Many of the stories that Saigonita tells reveal Tam’s marketing world. The logo she designed for the restaurant, for example, is an amalgamation of Mexico's mystic eagle which prophesied the site of the city by its grabbing of a snake, with the dragon, Lạc Long Quân, from Vietnam’s folk origin story. Similarly, the types of puns and tongue-in-cheek names she used to sneak into client presentations litter the menu, including my favorite Rượu Awakening. She revealed on the Saigoneer Podcast that sometimes she thinks of a pun so good she scrambles to imagine the dish to match it.

Saigonita’s Place in the City’s Evolving Food Scene

Viet Kieu are having an increasing influence in numerous sectors of Saigon, but perhaps nowhere more so than dining. Their prominence invites a variety of opinions: some people are thankful for the injection of new backgrounds and creativity while others bemoan the attention and resources they attract at the expense of locals. It’s a fraught situation and one Tam was happy to discuss when I brought it up.

She introduced a concept I hadn’t previously considered: Tam considers herself an immigrant to Vietnam, which puts her in line with a rich global tradition. Whether it’s the Lebanese cattle herders who transformed Mexico’s traditional tacos with their shawarma-like steak or the Vietnamese immigrants in New Orleans who ushered in Viet-Cajun crawfish boils, she notes that people who move to new countries are often first accepted through the new foods they introduce.

Tam also discussed the idea of authenticity, concluding that as long as one is authentic to his or her own background and experiences, they should feel empowered to create freely. She notes that even Vietnamese cuisine is fluid and constantly evolving, citing Da Lat’s bánh tráng nướng (rice paper "pizza"), which was only invented in the last 20 years and is thus foreign to her parents despite them being native Vietnamese.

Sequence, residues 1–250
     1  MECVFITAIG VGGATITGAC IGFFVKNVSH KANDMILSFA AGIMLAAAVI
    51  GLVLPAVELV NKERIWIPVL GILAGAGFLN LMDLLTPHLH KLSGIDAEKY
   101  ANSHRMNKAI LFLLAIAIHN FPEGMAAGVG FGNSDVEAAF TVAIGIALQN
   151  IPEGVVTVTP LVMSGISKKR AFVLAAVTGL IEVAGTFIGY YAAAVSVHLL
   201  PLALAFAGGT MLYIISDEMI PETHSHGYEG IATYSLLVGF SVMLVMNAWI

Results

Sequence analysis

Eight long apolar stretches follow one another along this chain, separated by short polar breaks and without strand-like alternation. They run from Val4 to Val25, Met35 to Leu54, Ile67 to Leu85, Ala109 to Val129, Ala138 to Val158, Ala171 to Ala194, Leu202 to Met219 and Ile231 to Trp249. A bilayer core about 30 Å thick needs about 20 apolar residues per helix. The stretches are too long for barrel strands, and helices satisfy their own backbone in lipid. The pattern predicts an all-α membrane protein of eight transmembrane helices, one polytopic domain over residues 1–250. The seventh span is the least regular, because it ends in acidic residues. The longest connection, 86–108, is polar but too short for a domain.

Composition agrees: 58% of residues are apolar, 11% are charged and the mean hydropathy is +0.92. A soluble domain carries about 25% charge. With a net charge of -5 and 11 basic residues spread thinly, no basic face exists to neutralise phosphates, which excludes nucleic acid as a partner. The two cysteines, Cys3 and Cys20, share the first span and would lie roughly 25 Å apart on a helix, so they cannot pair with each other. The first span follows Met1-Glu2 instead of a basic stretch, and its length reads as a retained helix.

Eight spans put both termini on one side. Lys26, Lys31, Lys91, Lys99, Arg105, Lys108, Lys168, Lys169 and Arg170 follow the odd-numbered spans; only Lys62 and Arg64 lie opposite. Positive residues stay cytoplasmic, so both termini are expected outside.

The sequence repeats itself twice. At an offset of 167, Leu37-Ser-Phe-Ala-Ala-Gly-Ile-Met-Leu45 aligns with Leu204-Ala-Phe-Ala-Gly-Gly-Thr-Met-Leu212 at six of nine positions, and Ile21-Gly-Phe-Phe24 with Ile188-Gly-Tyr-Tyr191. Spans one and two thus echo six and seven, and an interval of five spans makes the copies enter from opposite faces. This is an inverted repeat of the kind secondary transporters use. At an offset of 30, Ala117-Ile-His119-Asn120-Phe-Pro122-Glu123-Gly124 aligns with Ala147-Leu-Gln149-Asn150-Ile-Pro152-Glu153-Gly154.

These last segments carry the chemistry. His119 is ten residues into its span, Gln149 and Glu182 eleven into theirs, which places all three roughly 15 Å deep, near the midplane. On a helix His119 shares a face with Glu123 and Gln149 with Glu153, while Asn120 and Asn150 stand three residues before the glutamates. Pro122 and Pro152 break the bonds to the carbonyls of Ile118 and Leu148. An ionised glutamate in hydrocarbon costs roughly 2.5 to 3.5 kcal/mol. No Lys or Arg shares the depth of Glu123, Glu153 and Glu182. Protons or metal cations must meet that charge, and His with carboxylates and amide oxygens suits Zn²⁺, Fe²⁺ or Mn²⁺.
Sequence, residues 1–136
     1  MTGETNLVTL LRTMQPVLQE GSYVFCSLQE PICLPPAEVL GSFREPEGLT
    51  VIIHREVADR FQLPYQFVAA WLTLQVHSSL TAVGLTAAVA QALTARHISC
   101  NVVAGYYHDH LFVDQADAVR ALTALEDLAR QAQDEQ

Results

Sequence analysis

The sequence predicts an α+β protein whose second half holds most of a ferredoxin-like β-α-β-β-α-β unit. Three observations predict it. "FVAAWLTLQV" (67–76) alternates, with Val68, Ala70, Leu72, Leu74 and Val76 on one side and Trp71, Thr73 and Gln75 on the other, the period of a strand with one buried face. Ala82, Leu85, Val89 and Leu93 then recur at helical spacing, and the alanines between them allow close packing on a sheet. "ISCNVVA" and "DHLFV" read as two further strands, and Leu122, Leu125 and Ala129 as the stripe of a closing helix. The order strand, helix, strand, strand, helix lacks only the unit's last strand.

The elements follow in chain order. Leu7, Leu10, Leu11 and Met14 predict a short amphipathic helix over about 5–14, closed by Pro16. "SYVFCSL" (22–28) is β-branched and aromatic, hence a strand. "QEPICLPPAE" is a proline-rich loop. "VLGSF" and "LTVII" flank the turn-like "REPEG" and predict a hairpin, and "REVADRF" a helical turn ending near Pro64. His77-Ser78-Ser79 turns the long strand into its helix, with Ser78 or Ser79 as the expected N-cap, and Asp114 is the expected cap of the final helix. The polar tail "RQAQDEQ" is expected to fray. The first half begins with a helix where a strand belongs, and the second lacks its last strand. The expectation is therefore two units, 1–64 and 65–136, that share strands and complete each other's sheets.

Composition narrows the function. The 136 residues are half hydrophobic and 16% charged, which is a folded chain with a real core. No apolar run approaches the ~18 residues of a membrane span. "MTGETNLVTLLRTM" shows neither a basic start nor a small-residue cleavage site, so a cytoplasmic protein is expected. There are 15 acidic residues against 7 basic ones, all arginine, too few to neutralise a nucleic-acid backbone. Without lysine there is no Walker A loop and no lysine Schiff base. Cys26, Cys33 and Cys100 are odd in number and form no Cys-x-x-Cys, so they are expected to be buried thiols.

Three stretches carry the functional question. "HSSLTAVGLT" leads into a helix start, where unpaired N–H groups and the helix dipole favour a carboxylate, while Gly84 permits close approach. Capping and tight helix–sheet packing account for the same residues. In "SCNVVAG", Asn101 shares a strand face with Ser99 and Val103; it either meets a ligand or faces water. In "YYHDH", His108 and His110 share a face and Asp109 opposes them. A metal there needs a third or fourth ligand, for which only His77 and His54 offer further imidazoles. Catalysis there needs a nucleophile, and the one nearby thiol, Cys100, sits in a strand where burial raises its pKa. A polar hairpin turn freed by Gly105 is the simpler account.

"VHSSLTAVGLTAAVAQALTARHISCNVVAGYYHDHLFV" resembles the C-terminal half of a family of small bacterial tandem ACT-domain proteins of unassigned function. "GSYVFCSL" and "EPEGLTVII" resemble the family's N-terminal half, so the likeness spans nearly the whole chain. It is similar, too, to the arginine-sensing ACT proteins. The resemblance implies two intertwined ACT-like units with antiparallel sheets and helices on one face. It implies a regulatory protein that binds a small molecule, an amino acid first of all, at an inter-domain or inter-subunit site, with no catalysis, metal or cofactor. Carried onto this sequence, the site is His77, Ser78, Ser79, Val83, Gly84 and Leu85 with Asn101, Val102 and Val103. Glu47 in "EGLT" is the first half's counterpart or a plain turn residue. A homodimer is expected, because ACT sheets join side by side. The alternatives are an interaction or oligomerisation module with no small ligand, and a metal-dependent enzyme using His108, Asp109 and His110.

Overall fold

I pressed Tam on another aspect of Viet Kieu’s profile in Vietnam that can garner scorn or scoffing. I admitted to her that I have a self-deprecating contest with my sister that requires us to admit to one-another our most hipster act of the week and that by enjoying of her Horchèta — cinnamon and star anise spiced coconut-rice milk filled with gummy bears soaked in rum — that I was certain to “win” that week’s contest. I suggested Saigonita could be construed as the ultimate Williamsburg experience plopped in Saigon. Tam paused a moment before saying, “I do a lot of hipster shit, and that’s fine, it's who I am.”

Though less than six months old, Saigonita has proven exceedingly popular, going so far as to earn Tam coverage from Vice Munchies. The success has been so overwhelming that Tam recently transitioned from full-time to part-time work at her job. Similar to the carefree approach she took to opening the restaurant, she isn’t quite sure how she will utilize the extra time. She might hold the dinner more times a month, look to collaborate on pop-ups with local restaurants and/or spend more time traveling to research ingredients and cooking methods as she did last month during her jaunt to Sapa. Perhaps a restaurant space dedicated to Saigonita is even in the future. Regardless of how the concept evolves, it’s thankfully safe to say that Tam’s skill, creativity, work ethic, charm, unique heritage and immigrant experience will continue to add novel and delicious food to Saigon for a long time to come.

Reservations for Saigonita can be made here, and more details can be found on its Facebook page.